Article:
Saturday, June 25, 2005

A Diamond Ring

Your orbs are hollow
invisible behind
your clip-on lunettes
I hope those Armanis
are UV-filtered

or else the retinas
can smoke and burn
like wet rope-net
in a driftwood fire
the ocular humor
congealing like
soft-boiled eggs

Once in a blue
moon things can
line up this way
one body like
an umbrella
sheltering another
We rarely encounter
anything more
perfect and complete
than this alignment

My eye's apple
my life's sunshine
are considered clichés

A moment before
there appears
a flash a flaring
brilliance at a point
on the circumference
the flickering rim
as though the new moon's
edge had caught fire
the so-called
third contact
or what solar observers
informally term
the diamond ring

It blazes forth
like a hole in one's sight
too bright for the mind
to attribute a color

While looking away
to spare your eyes
you'll see that the sky
is imbued with a violet
that it possesses
at no other time

In a benighted age
the apparition
traversing the heaven
of a long-haired star
or the horrible specter
of this unforeseen twilight
would awake fear and fire
Wouldn't the earth die
without the sunshine?
What knowledge is possible
without Truth's light?
How could one bear
to be forsaken by God?
What has occluded
the warmth of your love?

This no less predictable
and sudden reverse
has destroyed my mind's peace

As the sun gives the energy
on which all life depends
as the sun is Truth's light
the very medium of knowledge
as the sun is God's face
turned away from the many
So your love is the hope
without which I am lost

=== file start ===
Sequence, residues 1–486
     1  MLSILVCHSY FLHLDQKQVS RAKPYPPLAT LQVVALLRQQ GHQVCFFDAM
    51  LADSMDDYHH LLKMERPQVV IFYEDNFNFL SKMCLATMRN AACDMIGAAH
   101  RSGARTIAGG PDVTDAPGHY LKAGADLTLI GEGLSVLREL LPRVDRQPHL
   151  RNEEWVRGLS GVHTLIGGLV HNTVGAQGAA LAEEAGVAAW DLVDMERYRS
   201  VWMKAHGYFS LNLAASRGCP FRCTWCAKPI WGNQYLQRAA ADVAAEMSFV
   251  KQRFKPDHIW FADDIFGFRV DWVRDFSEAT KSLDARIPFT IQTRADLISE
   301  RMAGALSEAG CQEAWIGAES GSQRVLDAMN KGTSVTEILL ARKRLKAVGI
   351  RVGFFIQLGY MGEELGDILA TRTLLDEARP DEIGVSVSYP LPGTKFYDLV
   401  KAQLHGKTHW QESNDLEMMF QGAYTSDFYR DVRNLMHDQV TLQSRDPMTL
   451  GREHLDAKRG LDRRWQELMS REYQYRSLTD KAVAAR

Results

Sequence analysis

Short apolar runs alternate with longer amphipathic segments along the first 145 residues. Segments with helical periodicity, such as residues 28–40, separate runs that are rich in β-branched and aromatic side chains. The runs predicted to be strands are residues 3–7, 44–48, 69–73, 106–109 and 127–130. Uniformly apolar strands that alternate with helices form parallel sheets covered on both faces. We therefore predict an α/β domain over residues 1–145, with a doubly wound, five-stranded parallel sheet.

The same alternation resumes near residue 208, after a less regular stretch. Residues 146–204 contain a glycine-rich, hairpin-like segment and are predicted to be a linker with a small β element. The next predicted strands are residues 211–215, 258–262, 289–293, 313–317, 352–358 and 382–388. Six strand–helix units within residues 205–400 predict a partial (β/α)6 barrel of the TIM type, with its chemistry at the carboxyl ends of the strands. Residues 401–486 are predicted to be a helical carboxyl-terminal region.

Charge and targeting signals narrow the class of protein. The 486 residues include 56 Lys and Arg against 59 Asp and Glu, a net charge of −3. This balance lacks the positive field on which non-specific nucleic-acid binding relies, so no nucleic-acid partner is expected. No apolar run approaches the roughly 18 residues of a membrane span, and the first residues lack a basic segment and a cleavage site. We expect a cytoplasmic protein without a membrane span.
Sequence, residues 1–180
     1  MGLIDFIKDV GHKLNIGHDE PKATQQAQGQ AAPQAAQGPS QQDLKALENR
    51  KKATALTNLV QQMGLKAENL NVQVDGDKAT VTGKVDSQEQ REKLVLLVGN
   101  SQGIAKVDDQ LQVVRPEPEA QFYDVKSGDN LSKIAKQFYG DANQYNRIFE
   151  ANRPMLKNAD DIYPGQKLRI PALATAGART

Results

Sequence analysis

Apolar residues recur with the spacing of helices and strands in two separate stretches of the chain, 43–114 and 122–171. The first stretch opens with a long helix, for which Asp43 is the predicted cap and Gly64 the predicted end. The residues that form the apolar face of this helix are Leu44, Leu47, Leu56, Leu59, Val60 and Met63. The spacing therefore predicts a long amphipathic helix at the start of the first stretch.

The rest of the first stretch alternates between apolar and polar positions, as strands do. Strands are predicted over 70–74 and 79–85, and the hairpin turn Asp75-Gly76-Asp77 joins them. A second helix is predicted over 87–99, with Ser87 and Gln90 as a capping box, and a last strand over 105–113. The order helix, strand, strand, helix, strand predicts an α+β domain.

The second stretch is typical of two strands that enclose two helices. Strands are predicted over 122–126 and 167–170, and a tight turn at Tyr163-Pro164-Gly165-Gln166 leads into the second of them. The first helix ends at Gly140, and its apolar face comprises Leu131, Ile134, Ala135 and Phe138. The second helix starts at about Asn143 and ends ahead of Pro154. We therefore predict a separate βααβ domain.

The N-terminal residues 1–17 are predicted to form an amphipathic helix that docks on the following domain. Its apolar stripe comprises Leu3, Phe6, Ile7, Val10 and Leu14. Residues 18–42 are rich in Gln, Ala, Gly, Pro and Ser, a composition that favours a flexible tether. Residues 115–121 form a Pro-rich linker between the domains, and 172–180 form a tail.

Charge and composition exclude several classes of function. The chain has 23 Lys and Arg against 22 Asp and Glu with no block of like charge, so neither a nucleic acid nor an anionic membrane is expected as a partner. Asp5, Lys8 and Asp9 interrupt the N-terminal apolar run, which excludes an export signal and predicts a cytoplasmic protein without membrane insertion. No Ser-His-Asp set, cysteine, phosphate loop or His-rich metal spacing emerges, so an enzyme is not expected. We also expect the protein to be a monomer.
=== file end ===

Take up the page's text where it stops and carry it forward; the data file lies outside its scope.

and blinded in darkness

(June 23-25, 2005)

Wednesday, June 22, 2005

A Complaint

Has a glassmaker set up shop in my ribcage?
My thorax is not zoned for that.
Though in perfect health, I choose my steps as carefully
as an invalid. I can feel something fragile lodged in my chest.
A shock could upset it. It could spill,
like an egg cup supporting a soft-boiled egg
or a brimming wineglass. If I had to guess, I'd say
that it is valuable and hard to replace.

Any carelessness or inattention will cause it to break.
And then what would I be left with? A few fragments,
like puzzle pieces, stored in a kitchen drawer with the intention
of gluing it back together some afternoon should I find the time.
I'd have that, and my consciousness of the loss of it.

(June 22, 2005)

Thursday, June 16, 2005

Neoclassicism and Romanticism

Jean-Auguste-Dominique Ingres, Madame Jacques-Louis Leblanc (Françoise Poncelle), 1823.

Continuing with an account of my visit to the Metropolitan Museum of Art last month: after the Ancient Egyptian tour, I joined a tour of some works by French Impressionists. I can pass along a few highlights.

The first stops on the tour of the galleries housing nineteenth-century French painting were before works by Ingres and Delacroix, in order to illustrate the styles of two important schools in the years that preceded the emergence of Impressionism.

Ingres was offered as the representative of the neoclassical style in painting: every detail is carefully reproduced on the canvas -- note for instance the details in the complex pattern on the multicolored cloth in the painting above; drawn lines give a definite shape to every element depicted; the brushstroke is hidden so as to create a smooth, illusionistic surface, and furthermore the surface is heavily varnished to give it a slick, glossy finish.